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|Other Titles:||Examining an Experimental Emotional Training Course for Junior High School Students|
Department of Educational Psychology, NTNU
Emotional disturbances have become a serious problem among adolescents in recent years. Negative emotional patterns generated by negative experiences influence various aspects of the youths' life. In this study, we developed a six-week experimental course using techniques to enhance positive emotions and then measured its effectiveness in improving the emotional intelligence and life-skills of junior high school students. Participants were 144 ninth-grade students at a junior high school in Taoyuan County, Taiwan. They were divided into an experimental group and a control group with pre- and post-tests administered, along with a follow-up test. The effectiveness of the course was evaluated through measures of life adaptability and positive/negative emotions.The students in the experimental group participated in a six-week positive-emotion course, while those in the control group participated in a course with integrated Common activities. Students in the experimental group had higher scores on the life-adaptability post-test than did students in the control group. This pattern of results was similar for the follow-up test three weeks after the conclusion of the courses. However, no significant difference was found on positive emotions measured by the positive/negative emotional scale. Yet, in both the post- and follow-up tests, those in the experimental group had higher scores on emotional balance (positive emotions minus negative emotions). This paper concludes with a discussion of the value this emotional training course has in contemporary education, and offers suggestions for future research.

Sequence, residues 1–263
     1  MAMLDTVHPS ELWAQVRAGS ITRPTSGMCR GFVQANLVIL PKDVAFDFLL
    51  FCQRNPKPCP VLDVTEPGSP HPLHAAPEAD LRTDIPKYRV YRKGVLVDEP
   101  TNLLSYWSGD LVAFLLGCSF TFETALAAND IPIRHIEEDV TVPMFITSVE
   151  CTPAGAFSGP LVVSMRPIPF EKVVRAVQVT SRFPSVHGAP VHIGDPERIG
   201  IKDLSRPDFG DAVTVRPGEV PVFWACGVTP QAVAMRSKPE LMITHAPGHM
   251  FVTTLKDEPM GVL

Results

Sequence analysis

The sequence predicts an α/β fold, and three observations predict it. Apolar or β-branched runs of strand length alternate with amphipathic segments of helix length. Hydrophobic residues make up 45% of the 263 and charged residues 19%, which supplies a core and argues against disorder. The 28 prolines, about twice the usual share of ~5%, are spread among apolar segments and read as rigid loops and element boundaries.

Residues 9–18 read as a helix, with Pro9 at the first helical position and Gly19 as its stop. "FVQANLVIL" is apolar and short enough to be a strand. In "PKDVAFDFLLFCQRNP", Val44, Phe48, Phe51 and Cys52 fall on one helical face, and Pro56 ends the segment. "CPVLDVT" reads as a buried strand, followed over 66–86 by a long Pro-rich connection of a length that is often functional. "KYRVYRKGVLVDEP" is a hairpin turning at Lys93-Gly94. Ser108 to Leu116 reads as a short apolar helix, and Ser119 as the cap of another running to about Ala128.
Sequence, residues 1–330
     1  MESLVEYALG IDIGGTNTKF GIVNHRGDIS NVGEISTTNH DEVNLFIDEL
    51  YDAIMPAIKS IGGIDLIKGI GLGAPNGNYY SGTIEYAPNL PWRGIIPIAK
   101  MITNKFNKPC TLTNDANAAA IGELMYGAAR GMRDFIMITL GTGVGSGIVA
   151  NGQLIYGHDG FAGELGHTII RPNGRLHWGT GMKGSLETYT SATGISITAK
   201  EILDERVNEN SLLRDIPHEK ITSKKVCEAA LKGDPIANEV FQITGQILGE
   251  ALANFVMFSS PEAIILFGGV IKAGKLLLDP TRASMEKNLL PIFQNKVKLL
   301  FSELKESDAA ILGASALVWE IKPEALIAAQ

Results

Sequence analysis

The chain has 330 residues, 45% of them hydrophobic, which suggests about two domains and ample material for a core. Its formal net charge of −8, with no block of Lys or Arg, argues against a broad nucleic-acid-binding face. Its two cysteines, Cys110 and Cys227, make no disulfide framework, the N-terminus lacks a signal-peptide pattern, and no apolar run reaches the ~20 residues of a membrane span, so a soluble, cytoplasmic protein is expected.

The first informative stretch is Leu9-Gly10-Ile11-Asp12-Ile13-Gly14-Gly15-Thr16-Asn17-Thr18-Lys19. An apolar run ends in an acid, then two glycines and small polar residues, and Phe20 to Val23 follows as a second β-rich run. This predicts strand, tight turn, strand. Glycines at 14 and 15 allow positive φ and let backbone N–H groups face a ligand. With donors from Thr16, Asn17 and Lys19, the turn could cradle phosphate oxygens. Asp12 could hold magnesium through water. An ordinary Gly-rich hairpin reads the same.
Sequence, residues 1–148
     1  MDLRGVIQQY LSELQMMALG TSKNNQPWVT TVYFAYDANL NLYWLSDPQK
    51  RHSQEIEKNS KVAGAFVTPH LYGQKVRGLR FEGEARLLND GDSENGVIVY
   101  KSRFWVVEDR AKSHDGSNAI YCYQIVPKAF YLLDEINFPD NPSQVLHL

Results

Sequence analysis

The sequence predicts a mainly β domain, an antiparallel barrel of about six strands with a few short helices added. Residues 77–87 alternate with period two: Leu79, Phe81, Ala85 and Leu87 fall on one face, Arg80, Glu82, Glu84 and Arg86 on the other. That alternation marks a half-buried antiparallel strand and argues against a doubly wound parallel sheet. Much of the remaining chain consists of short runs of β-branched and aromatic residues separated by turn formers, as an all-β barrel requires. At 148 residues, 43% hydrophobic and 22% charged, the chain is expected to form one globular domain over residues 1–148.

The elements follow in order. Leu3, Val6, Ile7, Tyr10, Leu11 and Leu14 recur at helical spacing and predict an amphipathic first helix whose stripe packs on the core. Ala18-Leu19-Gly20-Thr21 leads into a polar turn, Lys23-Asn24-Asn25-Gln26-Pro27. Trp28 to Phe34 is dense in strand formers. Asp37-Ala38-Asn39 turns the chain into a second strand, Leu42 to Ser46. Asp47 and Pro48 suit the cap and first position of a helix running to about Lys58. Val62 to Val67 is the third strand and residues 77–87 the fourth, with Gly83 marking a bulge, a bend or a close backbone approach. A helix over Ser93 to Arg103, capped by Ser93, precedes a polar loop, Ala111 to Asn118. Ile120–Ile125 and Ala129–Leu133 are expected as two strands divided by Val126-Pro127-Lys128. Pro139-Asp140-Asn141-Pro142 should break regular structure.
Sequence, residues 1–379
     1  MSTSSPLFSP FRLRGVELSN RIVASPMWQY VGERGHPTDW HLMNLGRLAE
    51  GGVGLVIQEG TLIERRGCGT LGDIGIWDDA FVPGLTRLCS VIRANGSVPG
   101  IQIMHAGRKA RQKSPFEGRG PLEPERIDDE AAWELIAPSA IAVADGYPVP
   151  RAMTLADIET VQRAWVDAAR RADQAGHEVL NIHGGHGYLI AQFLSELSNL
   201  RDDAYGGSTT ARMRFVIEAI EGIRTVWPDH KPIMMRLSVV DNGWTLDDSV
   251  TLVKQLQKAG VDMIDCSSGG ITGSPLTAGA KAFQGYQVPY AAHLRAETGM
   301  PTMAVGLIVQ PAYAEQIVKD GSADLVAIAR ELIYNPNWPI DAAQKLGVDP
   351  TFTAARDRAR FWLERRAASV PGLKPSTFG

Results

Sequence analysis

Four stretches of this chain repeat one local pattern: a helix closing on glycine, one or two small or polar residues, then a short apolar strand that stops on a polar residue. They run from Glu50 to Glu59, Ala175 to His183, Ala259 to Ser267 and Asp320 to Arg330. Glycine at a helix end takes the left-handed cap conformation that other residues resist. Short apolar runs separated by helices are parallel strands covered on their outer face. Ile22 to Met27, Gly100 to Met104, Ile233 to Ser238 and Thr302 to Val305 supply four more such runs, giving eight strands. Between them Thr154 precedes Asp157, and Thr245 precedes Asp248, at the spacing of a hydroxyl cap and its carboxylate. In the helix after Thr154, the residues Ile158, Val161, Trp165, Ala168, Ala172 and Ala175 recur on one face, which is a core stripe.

|Appears in Collections:||教育心理學報|
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